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Trusting Book Reviews

I mostly obtain tech books through Amazon - since the cuut backs at where I work this hhas been through my own $$$.

I am mad at the number of dud books I have purchased - despite the favorable reviews on Amazon. I also now look at the sales rank - if it is < 10 000, then I make a purchase. But this is still producing some duds - too many for my own $$$.

I try to track down the books at B&N to have a preview but their selections are not always as comprehensive as Amazon.

Surely Amazon must start retweaking its review section to prevent the skwing of reviews - it is a major pain to send books back to them.

Ram Dass
Sunday, February 08, 2004

I agree.

After reading 100+ reviews on a book on marketing I realized that nearly all of them were variations on the same theme:

This book is highly usable / I put it into action right away / I never knew how military brainwashing techniques could be used in advertising / I saw an immediate increase in responses to my ads.

I would say 100 of the reviews were those sentances with different phrasing. The remaining 5 or so were negative reviews that said the book was stupid.

It was about then I realized that the author probably wrote all the reviews himself.

www.MarkTAW.com
Sunday, February 08, 2004

I reviewed a number of books published by O'Reilly. I usually focus on what is good and not and posted in my user group. I usually spend hours on the web to find good books to purchase, it's not easy to select best titles.

Evgeny Gesin /Javadesk.com/
Sunday, February 08, 2004

It is pretty difficult. I read *all* the reviews each time, paying particular attention to specific praise, and to specific criticism. Even a little *intelligent* criticism about a book is often key. Most people seem to want to give a generic good or bad review, but fortunately  those reviews don't have any depth and can be eliminated.

I also read sample chapters and check for reviews on other sites. I'd say about 40% of the books I get now using this method are really good ones, and 10% more at least worth keeping, and the other half I don't bother finishing.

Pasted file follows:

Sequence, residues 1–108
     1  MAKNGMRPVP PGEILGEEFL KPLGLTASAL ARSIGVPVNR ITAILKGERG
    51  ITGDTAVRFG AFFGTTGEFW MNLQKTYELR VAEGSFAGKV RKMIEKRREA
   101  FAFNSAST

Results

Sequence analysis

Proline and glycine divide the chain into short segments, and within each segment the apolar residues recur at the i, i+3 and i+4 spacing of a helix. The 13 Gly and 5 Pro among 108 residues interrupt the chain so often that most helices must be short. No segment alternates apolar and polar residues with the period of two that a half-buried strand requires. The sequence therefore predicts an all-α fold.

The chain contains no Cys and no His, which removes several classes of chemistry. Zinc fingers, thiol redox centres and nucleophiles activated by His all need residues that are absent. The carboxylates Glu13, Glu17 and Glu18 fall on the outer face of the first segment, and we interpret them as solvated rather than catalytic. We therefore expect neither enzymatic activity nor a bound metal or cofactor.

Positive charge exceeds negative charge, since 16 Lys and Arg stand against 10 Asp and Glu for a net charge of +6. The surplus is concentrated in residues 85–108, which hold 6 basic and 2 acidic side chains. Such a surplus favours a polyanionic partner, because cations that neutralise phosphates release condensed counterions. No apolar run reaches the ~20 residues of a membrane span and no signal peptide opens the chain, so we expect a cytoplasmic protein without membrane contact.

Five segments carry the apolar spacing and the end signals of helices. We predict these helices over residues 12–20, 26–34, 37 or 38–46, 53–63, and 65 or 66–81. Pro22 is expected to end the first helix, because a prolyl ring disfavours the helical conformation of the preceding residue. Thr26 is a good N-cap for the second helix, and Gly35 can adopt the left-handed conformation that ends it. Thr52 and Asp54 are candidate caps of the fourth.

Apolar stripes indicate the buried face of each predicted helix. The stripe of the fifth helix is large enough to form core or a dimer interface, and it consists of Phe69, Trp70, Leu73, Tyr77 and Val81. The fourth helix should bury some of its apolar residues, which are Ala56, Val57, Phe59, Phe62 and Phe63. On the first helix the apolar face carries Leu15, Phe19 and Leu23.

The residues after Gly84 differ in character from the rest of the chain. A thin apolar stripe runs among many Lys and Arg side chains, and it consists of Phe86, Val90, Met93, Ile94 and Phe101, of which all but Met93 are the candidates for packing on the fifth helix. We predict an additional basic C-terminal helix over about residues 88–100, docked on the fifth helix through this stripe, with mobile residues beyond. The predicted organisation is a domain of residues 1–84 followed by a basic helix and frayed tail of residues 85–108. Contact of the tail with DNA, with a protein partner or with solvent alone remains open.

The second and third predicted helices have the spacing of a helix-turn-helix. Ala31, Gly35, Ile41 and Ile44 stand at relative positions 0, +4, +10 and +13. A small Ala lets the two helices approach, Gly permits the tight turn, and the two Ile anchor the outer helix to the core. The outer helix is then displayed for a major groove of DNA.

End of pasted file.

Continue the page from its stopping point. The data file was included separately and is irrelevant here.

This system is better than my old one where only 3 in 10 or thereabouts was really good or worth keeping.

Dennis Atkins
Sunday, February 08, 2004

I'm afraid you can't really trust strangers to review books for you.

The three techniques that work best for me: ask friends, and trust publishers. A few publishers basically only put out great books. O'Reilly is one mentioned earlier; another is Addison-Wesley. And finally (and obviously), trust authors you already know are good writers.

I'm getting out the habit of reading books, though. I've found that by keying into a select few blogs, I can find much of the information I need anyway. I'm rarely after an introductory text any more, so it's always the esoteric things (that nobody's written about) that I'm trying to find out.

Brad Wilson (dotnetguy.techieswithcats.com)
Sunday, February 08, 2004

Strange, I've always felt I've learned more - both in depth, and new things I never would've known about otherwise from books.

Besides, what else am I going to do during my hour commute on the train?

www.MarkTAW.com
Sunday, February 08, 2004

Since I've been out of work for the past six months and taken to drinking heavily during the day, I find that the quality of the book reviews I write has gone down.  I used to atleast read the books before reviewing them, but now I usally base my reviews on what other reviewers have said and whether or not the cover of the book commands my attention.  A good rule of thumb is to ignore the reviews I, and people like me, write.

sally
Sunday, February 08, 2004

I ignore generic comments expressing like or dislike for the book, and look for specific examples of why the reviewer thought the book was good or bad.  I've found that about 3 in 5 books I buy are good.

I also look for used books on eBay which makes the risk of buying a bad book less hurtful.

T. Norman
Sunday, February 08, 2004

I second T. Norman's advice about used books. I've gotten some used books through Amazon that seemed new and still had the CD. $15 instead of $50.

sgf
Sunday, February 08, 2004

by ebay, do you mean Half.com? I used to get a lot of books through Half, though typically I purchase through Barnes & Noble because of their generous return policy.

www.MarkTAW.com
Sunday, February 08, 2004

Hmmm... could it really be true that there were some hidden costs to abandoning our real bookstores in favor of the immediate dollar-saving gratification of buying online?  And now the few remaining bookstores in your town don't carry a broad selection for you to examine?

Damn, what next?  You gonna tell us that shopping at WalMart had unseen consequences for our communities?

Stop. Stop.  This can't be true.

veal
Sunday, February 08, 2004

http://www.google.com/search?q=category+killer+definition

www.MarkTAW.com
Sunday, February 08, 2004

I wait until somebody I trust recommends a book, then I read all the bad reviews it gets on amazon to see if it's something I want to bother with. 


Sunday, February 08, 2004

A potentially un-ethical solution would be to read it first. I have found that most tech books in my domain are available as e-books orpdfs online somewhere, usually IRC. This is obviously illegal, but perhaps the justification could be the same as software piracies' purported claims? Try before you buy?